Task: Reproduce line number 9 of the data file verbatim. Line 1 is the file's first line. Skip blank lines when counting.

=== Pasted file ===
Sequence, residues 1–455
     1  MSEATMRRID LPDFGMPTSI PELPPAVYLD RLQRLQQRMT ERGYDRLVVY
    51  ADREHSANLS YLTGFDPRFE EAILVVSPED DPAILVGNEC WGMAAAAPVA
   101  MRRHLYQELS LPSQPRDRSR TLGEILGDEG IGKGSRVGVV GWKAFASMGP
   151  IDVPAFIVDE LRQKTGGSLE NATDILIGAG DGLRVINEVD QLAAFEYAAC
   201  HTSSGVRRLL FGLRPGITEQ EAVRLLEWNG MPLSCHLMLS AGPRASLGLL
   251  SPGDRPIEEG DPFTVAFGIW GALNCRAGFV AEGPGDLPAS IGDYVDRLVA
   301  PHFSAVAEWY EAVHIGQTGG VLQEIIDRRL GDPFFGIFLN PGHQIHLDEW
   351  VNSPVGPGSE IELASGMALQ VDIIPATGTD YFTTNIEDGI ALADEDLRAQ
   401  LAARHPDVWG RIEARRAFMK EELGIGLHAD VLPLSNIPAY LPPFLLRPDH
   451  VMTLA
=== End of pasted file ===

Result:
   351  VNSPVGPGSE IELASGMALQ VDIIPATGTD YFTTNIEDGI ALADEDLRAQ